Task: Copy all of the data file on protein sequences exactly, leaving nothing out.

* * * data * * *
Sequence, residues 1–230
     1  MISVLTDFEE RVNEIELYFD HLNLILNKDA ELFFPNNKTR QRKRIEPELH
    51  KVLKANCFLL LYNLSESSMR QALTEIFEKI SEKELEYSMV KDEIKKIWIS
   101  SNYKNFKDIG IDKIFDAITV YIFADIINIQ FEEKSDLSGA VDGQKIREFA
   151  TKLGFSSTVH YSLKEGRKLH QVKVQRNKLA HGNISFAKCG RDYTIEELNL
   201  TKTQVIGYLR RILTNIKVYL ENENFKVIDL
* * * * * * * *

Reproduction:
Sequence, residues 1–230
     1  MISVLTDFEE RVNEIELYFD HLNLILNKDA ELFFPNNKTR QRKRIEPELH
    51  KVLKANCFLL LYNLSESSMR QALTEIFEKI SEKELEYSMV KDEIKKIWIS
   101  SNYKNFKDIG IDKIFDAITV YIFADIINIQ FEEKSDLSGA VDGQKIREFA
   151  TKLGFSSTVH YSLKEGRKLH QVKVQRNKLA HGNISFAKCG RDYTIEELNL
   201  TKTQVIGYLR RILTNIKVYL ENENFKVIDL